How to Set Boundaries With a Toxic Mother-in-Law

My relationship with my mother-in-law was more like the movie Monster-In-Law than I cared to admit. It used to upset me a lot, but after having two boys of my own, I can say I now better understand her protective nature—to a degree. However, there came a point when I had to set strong boundaries with her not only to protect myself but to keep my relationship healthy with my husband.

I come from a very close-knit family, and my mother always had a good relationship with my dad’s mother. My mom arranged her medical appointments, planned family dinners almost every week, and despite their differences, my mom and grandmother found ways to be close.

So when my own mother-in-law refused to come to our wedding and called me ugly names, I had no idea how to handle it. My parents suggested my husband reach out to her and I would plan family outings when she was in town. Yet every time, it seemed the experience would spiral into negativity and blame.

 

I finally accepted (with help of my therapist) that it was no longer feasible or healthy for me to have a relationship without boundaries.

 

I finally accepted (with help of my therapist) that it was no longer feasible or healthy for me to have a relationship without boundaries. My husband and I were fighting more as I tried to get him to still be nice to his mother despite her behavior, and my kids were missing out on a relationship with their grandmother.

So if you too have a difficult mother-in-law, here are a few ways you can create healthy boundaries to improve your own wellbeing and your relationship with your partner.

 

1. Letting your partner handle the communication

Moms can often feel like planning family gatherings and sending baby updates to relatives are their sole responsibility. But they are not. If you do not have a healthy relationship with your mother-in-law, it is perfectly acceptable to ask your partner to handle. Taking a step back from this responsibility can create a healthy boundary and prevent you from being seen as the “bad” guy.

 

Moms can often feel like planning family gatherings and sending baby updates to relatives are their sole responsibility. But they are not.

 

When my husband and I started implementing this strategy, it took some getting used to. I had to remind my husband that he had to call his family a few times and send photos, but after a while, he caught on and realized how much I had been dealing with. This understanding strengthened our relationship and gave me a much-needed break.

 

 

2. Using the word “no” without guilt

Whenever my mother-in-law would ask to come over or for me to set up a video call with the kids, I would literally drop what I was doing to do as she asked. I had been in such a precarious relationship with her for years that I yearned for some peace. I thought the only way to obtain any would be by saying yes and meeting her demands as often and as fast as possible.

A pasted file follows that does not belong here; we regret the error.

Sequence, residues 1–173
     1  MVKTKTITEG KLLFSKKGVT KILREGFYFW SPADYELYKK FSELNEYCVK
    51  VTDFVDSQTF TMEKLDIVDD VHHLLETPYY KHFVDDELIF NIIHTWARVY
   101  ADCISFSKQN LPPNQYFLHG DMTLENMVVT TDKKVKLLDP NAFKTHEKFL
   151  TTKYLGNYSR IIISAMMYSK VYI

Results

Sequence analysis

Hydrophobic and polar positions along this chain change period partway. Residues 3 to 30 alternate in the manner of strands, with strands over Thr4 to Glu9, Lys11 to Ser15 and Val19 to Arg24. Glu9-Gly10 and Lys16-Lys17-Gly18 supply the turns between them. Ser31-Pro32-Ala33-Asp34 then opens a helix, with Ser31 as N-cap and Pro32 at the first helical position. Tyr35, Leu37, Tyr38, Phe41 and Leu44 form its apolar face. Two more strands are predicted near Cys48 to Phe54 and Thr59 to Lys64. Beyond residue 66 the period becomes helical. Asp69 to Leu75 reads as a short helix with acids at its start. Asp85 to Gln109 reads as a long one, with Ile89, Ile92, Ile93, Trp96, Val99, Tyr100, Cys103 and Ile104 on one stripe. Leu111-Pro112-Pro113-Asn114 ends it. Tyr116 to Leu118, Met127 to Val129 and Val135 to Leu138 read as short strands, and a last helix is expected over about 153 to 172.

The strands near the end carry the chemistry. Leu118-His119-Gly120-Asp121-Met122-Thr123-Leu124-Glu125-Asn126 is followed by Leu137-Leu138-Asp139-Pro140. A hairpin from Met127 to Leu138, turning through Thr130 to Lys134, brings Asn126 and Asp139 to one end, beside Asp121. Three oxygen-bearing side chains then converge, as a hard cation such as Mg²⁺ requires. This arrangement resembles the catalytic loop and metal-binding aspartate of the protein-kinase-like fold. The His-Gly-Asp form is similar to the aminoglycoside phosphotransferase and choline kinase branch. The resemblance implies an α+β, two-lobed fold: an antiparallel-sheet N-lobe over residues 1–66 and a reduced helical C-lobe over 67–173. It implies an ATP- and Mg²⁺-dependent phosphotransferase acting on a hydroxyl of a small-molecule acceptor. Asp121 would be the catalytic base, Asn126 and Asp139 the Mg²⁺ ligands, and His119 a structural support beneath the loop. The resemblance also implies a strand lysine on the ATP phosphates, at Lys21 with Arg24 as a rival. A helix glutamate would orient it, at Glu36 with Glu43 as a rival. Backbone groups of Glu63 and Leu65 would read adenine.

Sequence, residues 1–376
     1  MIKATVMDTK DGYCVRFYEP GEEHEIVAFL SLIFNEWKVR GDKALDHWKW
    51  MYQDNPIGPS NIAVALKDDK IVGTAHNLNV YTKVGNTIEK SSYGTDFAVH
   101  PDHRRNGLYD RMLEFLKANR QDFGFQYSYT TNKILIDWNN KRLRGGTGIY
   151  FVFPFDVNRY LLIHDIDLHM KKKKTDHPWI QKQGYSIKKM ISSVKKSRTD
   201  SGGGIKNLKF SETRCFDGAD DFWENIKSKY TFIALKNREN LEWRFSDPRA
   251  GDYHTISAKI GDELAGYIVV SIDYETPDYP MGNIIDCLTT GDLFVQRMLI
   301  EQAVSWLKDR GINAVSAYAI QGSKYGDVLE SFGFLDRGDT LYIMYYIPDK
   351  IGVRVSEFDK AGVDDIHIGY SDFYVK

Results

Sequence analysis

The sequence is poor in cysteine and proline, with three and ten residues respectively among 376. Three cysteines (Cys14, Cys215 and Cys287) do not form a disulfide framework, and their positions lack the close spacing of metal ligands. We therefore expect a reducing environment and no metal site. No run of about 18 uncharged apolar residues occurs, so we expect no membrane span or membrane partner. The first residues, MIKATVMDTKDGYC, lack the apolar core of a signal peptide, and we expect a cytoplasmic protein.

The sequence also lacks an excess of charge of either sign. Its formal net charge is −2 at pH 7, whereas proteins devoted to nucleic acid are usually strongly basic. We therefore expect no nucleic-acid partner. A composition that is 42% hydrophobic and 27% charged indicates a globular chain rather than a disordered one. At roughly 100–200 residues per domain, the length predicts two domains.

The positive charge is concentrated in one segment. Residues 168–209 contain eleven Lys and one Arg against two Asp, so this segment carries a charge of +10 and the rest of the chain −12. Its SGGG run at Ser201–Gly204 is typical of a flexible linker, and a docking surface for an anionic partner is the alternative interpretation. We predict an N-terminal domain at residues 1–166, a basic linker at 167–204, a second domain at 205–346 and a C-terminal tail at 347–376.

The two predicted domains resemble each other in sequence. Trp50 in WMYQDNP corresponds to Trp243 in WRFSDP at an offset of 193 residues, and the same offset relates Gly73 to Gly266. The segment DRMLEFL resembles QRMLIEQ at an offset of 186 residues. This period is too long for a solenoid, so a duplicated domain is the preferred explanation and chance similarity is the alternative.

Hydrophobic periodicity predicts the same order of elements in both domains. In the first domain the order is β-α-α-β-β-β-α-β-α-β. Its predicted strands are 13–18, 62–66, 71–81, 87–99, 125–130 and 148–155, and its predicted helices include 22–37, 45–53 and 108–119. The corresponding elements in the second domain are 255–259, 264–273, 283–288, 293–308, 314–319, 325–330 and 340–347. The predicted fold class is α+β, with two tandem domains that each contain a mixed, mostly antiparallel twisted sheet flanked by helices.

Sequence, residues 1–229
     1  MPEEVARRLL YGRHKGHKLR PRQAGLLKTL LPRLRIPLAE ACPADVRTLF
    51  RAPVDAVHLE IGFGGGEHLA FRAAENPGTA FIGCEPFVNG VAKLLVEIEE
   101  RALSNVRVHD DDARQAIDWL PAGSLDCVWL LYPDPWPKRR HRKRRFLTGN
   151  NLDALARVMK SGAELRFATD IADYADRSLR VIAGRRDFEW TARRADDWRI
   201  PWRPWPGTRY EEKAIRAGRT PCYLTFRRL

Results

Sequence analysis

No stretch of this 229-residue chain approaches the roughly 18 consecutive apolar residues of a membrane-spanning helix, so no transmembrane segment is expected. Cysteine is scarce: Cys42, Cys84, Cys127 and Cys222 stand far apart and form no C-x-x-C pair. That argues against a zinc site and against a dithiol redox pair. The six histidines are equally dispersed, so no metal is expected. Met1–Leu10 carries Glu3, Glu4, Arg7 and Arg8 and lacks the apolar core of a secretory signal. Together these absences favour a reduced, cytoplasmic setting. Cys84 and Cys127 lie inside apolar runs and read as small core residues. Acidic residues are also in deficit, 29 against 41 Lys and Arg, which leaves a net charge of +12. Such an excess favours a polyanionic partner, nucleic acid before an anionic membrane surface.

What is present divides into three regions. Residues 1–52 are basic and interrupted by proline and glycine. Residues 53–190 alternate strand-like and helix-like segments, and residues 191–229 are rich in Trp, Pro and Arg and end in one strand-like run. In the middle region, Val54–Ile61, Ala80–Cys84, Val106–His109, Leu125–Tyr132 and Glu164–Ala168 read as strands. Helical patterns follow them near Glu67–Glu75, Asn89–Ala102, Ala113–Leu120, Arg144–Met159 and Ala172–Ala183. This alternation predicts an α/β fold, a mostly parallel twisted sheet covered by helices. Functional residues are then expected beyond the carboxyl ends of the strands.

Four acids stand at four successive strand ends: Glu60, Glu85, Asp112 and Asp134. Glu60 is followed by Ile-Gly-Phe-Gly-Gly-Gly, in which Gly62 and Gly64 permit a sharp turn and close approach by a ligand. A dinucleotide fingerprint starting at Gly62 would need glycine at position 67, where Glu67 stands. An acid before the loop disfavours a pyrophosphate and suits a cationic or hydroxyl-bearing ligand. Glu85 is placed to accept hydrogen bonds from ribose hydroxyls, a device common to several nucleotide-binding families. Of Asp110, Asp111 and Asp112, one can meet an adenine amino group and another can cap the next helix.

I yearned for some peace and thought the only way to obtain any would be by saying yes and meeting her demands as often and as fast as possible.

 

I quickly learned that wasn’t the case. Some people will never be happy with you no matter how hard you try. And it wasn’t until I had exhausted myself that I learned it was OK to say no. 

Saying no not only helped me gain confidence in myself, but it helped me gain power back over the situation. There was more for me to gain by respecting my own needs, and the needs of my family, instead of dropping everything for the slim chance of pleasing someone who did not appreciate my efforts.

 

3. Showing them affections will not be earned by competition

A big part of the conflict with my mother-in-law is that she feels like I “stole” her baby boy. The only way I’ve been able to quell this issue is by reminding her (and the rest of his side of the family) that my husband is a grown man who makes his own decisions. 

It is important to present as a strong unit, but is also important not to let your partner unintentionally use you as a scapegoat. So many times my husband’s mother and other members of his family would assume I was the one preventing them from seeing or speaking with him. It wasn’t until his father moved in with us for a short time that they learned my husband was just really bad at remembering to text/call anyone back.

 

It is important to present as a strong unit but is also important not to let your partner unintentionally use you as a scapegoat.

 

Now, I am definitely not suggesting you move in with your in-laws, but it doesn’t hurt to remind them you are not in a competition. (Feel free to share the frequent reminder texts you send your partner as extra proof for stubborn in-laws.)

 

 

4. Planning a regular visit or call schedule

As mentioned earlier, part of the reason some mothers-in-law act out is that they feel like they lost their relationship with a beloved child. One way to combat this is by making a consistent schedule to visit or call. The best part about this step is that you do not have to go along for the visit. Pack the diaper bag, send your partner with the baby, and take a much-needed break.

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